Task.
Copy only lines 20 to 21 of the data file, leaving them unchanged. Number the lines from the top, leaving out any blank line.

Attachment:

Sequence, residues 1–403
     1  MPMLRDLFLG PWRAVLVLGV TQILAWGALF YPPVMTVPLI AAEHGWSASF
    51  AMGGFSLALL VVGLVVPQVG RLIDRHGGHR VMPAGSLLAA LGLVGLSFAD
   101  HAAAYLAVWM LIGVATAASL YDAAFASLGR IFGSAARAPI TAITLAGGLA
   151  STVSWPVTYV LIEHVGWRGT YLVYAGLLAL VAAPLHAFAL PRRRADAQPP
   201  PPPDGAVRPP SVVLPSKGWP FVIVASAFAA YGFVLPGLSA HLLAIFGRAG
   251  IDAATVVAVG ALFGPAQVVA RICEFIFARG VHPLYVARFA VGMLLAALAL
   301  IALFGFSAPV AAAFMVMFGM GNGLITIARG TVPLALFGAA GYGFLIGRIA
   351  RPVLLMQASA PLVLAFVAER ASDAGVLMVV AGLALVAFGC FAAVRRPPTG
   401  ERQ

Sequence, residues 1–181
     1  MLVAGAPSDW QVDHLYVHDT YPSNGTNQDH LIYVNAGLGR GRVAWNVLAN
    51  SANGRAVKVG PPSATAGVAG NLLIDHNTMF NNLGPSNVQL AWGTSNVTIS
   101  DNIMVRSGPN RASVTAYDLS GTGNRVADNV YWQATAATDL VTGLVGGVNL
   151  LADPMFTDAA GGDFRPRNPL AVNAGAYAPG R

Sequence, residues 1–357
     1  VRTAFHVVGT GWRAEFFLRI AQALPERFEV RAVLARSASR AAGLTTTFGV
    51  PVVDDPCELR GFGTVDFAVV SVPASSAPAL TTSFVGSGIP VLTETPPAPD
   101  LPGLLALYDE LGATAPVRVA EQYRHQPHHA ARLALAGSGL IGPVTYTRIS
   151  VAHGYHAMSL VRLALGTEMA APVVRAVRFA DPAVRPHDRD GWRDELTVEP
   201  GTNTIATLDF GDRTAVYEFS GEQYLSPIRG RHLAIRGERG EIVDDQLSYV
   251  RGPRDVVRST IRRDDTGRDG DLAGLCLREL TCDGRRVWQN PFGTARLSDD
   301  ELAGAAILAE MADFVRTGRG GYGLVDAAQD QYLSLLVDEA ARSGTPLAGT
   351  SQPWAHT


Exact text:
   151  VAHGYHAMSL VRLALGTEMA APVVRAVRFA DPAVRPHDRD GWRDELTVEP
   201  GTNTIATLDF GDRTAVYEFS GEQYLSPIRG RHLAIRGERG EIVDDQLSYV